Meanwhile, investors are worried that the projects abroad will take years to fully develop. "I'm not sure how much of the market is moving on a 20-30 year time horizon," Woods said in an interview in May. "There's a little bit of a disconnect between how the market thinks about the business and values it in the time frame that it's using, versus what we have to do internally."

Perhaps to gain time, Woods has made some efforts this year to win over Wall Street. After being attacked by analysts for being one of the only companies not to put executives on quarterly conference calls, Exxon changed its policy, with one member of the management committee, known as the "God Pod," now taking questions.

Famously secretive, the company also gave shareholders more financial information and access to board members. But those efforts have had little effect on the stock price in the face of earnings reports that disappointed investors. Year-on-year production has declined nine of the past 10 quarters, and earnings have missed estimates four of the past six.

Exxon's production of 3.65 million barrels a day in the second quarter was the lowest in a decade.

Business on 12/27/2018

Print Headline: Exxon's declines expected to go on

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Comments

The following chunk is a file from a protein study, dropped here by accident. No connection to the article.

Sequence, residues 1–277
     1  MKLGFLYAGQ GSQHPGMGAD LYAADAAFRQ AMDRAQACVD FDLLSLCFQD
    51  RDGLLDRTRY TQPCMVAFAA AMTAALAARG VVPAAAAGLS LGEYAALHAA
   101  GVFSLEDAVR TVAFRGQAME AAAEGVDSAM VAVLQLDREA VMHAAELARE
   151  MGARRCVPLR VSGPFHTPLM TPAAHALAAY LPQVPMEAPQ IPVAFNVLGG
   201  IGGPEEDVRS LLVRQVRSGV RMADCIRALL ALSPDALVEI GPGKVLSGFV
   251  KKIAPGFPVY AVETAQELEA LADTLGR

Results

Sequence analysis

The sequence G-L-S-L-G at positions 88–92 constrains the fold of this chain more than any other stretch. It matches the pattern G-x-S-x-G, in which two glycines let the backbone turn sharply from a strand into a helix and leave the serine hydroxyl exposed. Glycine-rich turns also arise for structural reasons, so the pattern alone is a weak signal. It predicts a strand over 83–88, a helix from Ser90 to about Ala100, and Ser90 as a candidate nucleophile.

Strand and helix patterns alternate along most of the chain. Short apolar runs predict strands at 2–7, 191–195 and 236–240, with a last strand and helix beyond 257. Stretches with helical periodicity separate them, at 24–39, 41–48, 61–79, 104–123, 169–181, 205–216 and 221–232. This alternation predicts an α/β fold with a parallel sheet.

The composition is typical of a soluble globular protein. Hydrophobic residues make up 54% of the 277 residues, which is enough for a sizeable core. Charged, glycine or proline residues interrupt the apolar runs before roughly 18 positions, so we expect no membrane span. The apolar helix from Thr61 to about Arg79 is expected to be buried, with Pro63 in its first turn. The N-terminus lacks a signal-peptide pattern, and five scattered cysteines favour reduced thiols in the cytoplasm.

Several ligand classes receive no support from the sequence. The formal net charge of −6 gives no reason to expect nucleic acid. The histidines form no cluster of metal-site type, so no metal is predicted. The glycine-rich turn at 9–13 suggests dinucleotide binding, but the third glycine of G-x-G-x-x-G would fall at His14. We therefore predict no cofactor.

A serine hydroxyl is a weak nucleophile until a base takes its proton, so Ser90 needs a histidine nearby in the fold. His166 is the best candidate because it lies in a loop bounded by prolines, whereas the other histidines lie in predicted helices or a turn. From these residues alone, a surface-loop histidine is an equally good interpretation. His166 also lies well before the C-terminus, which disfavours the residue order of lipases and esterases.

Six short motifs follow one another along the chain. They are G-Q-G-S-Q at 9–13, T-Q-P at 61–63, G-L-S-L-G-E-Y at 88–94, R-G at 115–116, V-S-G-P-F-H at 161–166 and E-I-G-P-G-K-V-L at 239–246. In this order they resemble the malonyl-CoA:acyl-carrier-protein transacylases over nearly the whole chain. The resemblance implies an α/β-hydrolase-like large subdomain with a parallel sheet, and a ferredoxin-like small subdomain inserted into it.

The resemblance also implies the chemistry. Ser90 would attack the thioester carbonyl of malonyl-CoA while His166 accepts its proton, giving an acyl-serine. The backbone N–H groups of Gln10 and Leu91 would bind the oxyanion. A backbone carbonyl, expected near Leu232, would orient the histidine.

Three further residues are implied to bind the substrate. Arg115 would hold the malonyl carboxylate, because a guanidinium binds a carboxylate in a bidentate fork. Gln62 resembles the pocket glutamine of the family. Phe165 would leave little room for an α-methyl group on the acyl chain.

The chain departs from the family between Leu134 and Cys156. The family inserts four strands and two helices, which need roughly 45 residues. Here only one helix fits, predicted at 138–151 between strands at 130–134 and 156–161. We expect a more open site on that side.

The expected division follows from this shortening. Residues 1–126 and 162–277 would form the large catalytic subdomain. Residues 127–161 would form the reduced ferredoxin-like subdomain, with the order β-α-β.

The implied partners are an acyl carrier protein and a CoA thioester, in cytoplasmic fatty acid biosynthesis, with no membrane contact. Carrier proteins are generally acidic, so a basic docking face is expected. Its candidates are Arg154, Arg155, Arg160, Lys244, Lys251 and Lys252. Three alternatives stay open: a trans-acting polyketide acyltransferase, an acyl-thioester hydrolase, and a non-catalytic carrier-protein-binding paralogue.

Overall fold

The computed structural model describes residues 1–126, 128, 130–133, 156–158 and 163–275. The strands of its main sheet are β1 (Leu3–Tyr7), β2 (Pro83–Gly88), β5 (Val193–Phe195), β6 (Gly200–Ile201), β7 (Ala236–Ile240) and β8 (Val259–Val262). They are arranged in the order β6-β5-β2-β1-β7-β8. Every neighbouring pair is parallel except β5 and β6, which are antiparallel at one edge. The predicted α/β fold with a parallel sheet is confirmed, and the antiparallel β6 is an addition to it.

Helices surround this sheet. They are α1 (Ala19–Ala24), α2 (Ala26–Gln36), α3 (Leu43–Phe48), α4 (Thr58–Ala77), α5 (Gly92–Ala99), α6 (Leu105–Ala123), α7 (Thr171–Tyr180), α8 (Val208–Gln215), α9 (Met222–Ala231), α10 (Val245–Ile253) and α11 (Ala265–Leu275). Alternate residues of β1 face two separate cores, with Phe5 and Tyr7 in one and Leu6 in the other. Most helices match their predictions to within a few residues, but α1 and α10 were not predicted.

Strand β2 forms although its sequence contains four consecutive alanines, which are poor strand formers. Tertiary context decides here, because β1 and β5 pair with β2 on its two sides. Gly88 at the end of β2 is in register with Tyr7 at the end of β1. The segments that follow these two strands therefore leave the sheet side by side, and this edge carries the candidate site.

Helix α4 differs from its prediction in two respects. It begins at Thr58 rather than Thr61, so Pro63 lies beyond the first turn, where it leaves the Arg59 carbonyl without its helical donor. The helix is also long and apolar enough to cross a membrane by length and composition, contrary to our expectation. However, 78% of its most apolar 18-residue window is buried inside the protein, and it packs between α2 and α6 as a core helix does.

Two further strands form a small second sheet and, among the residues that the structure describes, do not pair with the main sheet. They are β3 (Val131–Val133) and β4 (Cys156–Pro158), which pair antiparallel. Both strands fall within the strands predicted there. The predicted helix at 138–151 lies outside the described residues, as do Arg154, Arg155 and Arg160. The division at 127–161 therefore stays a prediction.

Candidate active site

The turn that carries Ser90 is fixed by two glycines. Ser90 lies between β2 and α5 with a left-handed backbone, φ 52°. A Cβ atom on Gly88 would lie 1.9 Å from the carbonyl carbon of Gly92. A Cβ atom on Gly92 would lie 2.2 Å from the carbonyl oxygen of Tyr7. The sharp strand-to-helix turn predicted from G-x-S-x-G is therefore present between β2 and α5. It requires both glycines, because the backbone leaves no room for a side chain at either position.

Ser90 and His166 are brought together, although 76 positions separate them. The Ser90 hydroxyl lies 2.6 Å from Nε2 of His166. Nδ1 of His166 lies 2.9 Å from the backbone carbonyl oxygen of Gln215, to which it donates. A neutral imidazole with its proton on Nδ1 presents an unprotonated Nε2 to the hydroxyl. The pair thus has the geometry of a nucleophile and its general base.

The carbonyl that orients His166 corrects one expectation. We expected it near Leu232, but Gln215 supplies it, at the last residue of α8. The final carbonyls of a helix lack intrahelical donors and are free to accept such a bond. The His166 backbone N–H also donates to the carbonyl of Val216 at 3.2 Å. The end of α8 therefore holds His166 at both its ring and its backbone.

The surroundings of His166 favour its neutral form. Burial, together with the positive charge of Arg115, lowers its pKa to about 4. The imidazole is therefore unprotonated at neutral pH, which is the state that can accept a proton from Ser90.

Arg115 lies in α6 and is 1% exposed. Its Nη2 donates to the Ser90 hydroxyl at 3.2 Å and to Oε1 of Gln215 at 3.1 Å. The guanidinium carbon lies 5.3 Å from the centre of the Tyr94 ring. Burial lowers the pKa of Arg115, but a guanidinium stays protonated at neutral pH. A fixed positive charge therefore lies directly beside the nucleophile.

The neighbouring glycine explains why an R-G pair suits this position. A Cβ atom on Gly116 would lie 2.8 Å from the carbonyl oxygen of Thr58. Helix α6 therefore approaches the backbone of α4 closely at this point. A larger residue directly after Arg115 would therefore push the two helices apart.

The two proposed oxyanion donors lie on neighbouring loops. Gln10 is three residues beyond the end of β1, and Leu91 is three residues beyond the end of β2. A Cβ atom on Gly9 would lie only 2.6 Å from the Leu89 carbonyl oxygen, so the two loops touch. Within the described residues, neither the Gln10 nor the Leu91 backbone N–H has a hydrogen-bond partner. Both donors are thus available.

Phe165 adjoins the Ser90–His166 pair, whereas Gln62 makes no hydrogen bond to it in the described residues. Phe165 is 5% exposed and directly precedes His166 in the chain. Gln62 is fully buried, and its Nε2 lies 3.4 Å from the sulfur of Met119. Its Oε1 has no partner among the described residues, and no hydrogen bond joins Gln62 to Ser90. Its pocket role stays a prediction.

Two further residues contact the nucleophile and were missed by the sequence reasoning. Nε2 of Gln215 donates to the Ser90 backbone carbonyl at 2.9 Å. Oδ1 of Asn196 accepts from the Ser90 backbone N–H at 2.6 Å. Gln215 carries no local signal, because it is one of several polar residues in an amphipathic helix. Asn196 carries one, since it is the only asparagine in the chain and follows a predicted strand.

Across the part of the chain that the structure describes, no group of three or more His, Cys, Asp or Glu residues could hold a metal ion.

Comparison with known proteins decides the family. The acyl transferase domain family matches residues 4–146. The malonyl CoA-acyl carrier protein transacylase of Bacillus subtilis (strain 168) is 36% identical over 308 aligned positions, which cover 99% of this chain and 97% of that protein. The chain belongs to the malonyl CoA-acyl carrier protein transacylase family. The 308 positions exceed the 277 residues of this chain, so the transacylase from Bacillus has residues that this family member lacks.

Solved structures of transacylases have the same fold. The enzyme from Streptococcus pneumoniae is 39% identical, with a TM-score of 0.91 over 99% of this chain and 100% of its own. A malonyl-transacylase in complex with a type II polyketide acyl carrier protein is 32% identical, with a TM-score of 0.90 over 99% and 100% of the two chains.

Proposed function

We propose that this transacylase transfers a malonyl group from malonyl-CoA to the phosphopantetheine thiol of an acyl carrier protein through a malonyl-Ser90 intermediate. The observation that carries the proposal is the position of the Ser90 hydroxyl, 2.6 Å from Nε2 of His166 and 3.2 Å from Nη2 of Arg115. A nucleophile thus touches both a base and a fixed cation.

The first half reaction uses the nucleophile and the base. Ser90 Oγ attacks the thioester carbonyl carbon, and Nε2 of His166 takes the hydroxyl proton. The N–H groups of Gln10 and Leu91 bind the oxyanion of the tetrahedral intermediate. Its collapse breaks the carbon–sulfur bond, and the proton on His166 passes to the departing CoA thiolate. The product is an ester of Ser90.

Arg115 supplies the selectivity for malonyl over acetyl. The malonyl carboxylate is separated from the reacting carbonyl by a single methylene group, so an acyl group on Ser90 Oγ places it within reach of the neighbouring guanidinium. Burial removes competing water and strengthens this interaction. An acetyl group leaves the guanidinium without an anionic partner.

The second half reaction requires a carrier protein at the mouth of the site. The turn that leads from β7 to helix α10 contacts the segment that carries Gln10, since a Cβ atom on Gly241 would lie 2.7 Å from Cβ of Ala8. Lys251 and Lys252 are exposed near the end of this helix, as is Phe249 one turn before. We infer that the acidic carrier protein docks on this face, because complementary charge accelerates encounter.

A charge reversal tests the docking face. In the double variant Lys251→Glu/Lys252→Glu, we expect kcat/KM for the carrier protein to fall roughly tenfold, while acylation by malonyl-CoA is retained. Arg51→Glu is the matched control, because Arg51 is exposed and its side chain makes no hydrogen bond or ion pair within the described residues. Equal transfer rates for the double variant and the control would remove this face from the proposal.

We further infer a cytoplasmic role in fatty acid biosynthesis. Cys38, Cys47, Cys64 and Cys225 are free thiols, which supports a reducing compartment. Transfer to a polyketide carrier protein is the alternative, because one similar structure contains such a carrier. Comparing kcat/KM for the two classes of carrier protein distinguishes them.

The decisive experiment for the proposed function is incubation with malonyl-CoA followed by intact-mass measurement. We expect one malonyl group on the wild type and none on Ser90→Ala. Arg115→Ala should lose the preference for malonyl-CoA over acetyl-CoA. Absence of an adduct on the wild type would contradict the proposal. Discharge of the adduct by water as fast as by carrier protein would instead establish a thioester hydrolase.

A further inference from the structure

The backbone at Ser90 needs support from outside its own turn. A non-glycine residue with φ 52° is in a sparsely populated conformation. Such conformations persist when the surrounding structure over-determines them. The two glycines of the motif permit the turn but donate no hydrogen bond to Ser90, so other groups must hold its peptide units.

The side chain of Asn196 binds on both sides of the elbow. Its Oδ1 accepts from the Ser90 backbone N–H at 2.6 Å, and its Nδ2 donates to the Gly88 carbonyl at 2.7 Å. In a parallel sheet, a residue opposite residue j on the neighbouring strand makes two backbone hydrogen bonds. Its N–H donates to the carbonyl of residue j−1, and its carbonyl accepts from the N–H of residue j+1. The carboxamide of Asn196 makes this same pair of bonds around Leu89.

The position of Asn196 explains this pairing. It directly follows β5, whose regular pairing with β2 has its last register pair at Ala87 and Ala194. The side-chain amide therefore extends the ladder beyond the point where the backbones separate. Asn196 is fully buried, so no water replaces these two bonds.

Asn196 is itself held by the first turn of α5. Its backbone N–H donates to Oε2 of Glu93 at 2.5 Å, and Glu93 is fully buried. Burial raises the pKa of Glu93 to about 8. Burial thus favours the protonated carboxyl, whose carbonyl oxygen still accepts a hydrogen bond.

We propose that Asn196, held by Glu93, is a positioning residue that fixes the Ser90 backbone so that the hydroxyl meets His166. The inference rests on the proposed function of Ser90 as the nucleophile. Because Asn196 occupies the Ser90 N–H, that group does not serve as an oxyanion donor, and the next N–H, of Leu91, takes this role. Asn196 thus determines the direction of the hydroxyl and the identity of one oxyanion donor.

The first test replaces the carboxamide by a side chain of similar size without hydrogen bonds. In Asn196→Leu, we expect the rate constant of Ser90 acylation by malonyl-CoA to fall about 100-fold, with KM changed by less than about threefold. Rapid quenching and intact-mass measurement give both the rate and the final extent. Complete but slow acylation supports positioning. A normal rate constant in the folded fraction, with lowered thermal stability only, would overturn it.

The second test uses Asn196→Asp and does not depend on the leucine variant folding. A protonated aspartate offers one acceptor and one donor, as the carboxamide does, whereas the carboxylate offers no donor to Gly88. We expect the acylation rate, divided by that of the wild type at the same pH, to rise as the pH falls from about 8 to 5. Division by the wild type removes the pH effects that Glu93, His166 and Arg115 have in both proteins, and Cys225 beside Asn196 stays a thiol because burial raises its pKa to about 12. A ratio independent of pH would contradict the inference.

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  • cwbird
    December 28, 2018 at 5:39 a.m.

    What is happening to Exxon is one of the best bits of evidence that the business of publicly trading a company's stock is completely separate and unrelated to the real business of the company, in this case, principally oil and natural gas.

    It should be that people who invest in any company should do so ONLY to get to participate in the real business of the company, not to profit on the rise of the stock of the company. While the stock price/market cap is considered the principal measure of the value of a company, it ought not be considered at all. It is certainly not true that the value of Exxon Mobil by any other measure has declined by 22 percent in the past year. It is even more ridiculous to say that the values of the companies that comprise the Dow-Jones averages or the S&P 500 or the NASDAQ or the Russel 2000 indices rose five percent or more yesterday. Stock prices are therefore completely irrelevant to the value of a company.